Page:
If you’ll ever have any hope of enjoying A&E’s new series, Bates Motel, you must get rid of the notion that a horrible blasphemy has been committed by creating a prequel to Alfred Hitchcock’s classic movie, Psycho. First of all, it’s not a new phenomenon; blasphemous prequels have been produced before.

Most recently, we saw it attempted with The Wizard of Oz (Oz the Great and Powerful). Second, it’s already been done with Psycho itself. Does anyone remember Psycho IV: The Beginning (1990)?

The idea of a prequel is not necessarily a bad one in and of itself. However, it hinges on the subject matter: is the character or story compelling enough that we want/need to see an origin? In the case of Oz, the Wizard is one of the least interesting characters to me. A two-plus hour movie showing how a smarmy magician became “great and powerful” is absolutely unnecessary. But it’s hard to argue that Norman Bates is not a complex enough creation to warrant a study of how he came to be one of horror’s most notorious icons.

Even if a prequel can be justified, though, you then have to decide if it’s a story you want to see. When Rob Zombie revealed more about the past of Michael Myers in his Halloween remake, some fans argued that we did not need to know more about how and why he became a vicious killer. Doing so removes the mystery, these fans complained; it makes him less scary. I’m not opposed to doing it with Norman Bates. He’s more complex than Michael Myers. And he doesn’t just kill out of rage; he’s got unique psychological issues that trigger him to do it.
So, really, the issue with a television series like Bates Motel is not whether or not it should have been made in the first place. Instead, the issue is: can the story be sustained as a series instead of as a movie (or even a limited mini-series)? After watching Monday night’s pilot, I have to say… I don’t know. Bates Motel makes a good case that it’s possible; however, you can’t really judge its long-term chances for success by only one episode.

I will say that, with one exception, the cast is terrific. Freddie Highmore is a nearly perfect incarnation of 17-year old Norman as played by Anthony Perkins. Although his British accent sometimes rears its annoying head, his mannerisms and movements are spot-on without being an impersonation. And Vera Farmiga is a great casting choice for Norma (Mrs. Bates). I feel like it’s her character, not Highmore’s, who is going to be more interesting in the series. It helps that we don’t know as much about her as we do about her son.

The one exception is Nestor Carbonell as Sheriff Alex Romero. He seems unnecessarily suspicious of something at this early point in the story and, so far, seems like he may be miscast. Perhaps this is intentional. It would be nice if there’s more to learn about his character. Perhaps he’s also carrying a secret.

The pilot begins with the death of Norman’s father, perhaps by mysterious circumstance, although it doesn’t seem that the series wants to focus on that. Instead, it’s a catalyst for getting Norma to buy a foreclosed motel so that she and her son can start a new life. It’s great to see the old house on the hill and the jagged staircase leading up to it from the familiar motel, home of future horrors. The rest of the pilot plays out as you might suspect, including our first glimpse of a particular motel room and its infamous shower.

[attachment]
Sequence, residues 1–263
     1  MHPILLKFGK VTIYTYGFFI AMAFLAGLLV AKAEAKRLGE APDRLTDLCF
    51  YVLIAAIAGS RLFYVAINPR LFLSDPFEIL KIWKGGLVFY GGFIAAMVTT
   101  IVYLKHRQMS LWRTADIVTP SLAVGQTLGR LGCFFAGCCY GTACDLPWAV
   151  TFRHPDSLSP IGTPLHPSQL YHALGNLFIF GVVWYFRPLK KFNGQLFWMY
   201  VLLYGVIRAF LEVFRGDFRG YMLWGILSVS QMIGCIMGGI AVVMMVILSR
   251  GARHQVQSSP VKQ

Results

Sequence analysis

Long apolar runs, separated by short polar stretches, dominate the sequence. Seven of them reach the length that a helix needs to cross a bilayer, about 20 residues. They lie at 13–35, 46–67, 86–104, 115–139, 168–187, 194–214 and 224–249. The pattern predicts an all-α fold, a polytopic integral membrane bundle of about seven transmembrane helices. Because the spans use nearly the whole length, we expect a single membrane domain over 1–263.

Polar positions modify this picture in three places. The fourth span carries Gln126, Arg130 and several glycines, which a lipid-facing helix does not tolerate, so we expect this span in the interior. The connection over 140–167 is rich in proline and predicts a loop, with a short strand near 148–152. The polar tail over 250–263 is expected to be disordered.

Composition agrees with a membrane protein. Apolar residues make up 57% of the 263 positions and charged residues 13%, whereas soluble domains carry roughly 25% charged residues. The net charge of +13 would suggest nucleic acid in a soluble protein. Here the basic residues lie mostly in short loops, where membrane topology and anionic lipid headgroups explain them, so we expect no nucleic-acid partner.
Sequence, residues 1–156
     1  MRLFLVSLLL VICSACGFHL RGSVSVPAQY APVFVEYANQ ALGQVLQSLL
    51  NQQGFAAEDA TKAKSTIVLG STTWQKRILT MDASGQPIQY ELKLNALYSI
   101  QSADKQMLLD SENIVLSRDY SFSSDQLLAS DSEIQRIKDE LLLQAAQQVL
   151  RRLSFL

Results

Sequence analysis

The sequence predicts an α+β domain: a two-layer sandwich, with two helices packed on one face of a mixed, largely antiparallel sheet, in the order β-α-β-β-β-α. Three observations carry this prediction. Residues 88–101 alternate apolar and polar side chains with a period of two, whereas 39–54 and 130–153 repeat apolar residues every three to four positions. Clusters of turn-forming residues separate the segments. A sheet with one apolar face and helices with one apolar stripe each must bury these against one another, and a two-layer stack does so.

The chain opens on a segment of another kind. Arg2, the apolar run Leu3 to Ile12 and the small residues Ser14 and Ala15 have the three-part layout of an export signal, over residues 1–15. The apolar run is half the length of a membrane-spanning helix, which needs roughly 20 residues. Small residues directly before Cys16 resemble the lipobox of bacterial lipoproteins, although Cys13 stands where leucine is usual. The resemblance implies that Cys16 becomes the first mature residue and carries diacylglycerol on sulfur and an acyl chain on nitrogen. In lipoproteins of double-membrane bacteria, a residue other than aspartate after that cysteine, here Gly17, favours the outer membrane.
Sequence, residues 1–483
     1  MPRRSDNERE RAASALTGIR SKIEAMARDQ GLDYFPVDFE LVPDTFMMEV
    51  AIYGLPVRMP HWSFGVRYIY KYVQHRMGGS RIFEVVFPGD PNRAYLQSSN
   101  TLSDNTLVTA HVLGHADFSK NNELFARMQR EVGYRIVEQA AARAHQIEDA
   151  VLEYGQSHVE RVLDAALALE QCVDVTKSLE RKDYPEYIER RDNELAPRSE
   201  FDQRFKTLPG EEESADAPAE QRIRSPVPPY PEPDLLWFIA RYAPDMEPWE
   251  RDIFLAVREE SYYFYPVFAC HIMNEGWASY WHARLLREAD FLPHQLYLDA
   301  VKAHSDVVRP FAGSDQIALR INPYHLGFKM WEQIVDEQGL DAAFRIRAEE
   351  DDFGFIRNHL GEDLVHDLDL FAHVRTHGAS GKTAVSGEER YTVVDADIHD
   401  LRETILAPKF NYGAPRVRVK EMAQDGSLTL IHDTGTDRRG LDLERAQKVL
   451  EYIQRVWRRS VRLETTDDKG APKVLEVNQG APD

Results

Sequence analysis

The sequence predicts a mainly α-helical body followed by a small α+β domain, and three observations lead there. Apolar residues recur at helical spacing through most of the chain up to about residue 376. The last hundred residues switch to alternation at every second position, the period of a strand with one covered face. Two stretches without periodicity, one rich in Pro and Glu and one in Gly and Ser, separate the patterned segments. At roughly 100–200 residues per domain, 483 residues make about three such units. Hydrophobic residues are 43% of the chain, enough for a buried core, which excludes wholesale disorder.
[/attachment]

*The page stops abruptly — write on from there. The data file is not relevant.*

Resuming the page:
Bates Motel doesn’t focus on witty nods to Psycho, though, and I think that’s a wise decision. In fact, it steers clear of several possible clichés. For example, Norman’s the new kid at school. He’s obviously “different”. You expect that he will be bullied, fall in love with the popular girl and then inspire a violent act from her jock boyfriend. Instead, the perception of him being different becomes one of the pilot’s most interesting (even poignant) concepts. He does sort of fall for a pretty girl, but she (and her boyfriend) are legitimately nice to him, as are all the pretty girls, helping him escape the confines of his new home for a little R-and-R disguised as “studying”.

The weakness of Bates Motel as a long-running series may be that the pilot barely presents anything new to expand the mythology or promise intrigue for upcoming episodes. Norman finds an odd book under the carpet in a motel room and one of its images appears to be coming to life, but so little time is allotted to them that it’s too soon to tell if there are interesting stories behind them. Potentially more entertaining is the idea that Norman has an older brother. Is that who called Norma at the new house before she hung up the phone? Does he also have mommy issues?

I may feel differently after watching a couple more episodes, but after the pilot, I’m fairly gung-ho for Bates Motel. It could certainly be worse. In 1987, there was also a pilot called Bates Motel. It starred Bud Court (Harold and Maude) as a roommate of Norman’s from the insane asylum. When Norman dies, he inherits the motel, moves in and strange things begin happening. There’s a reason that one never went to series. But right now, it feels promising that this Bates Motel did.

Scream-O-Vision: Bates Motel Season 1 Episode 1: Should You Check-in?
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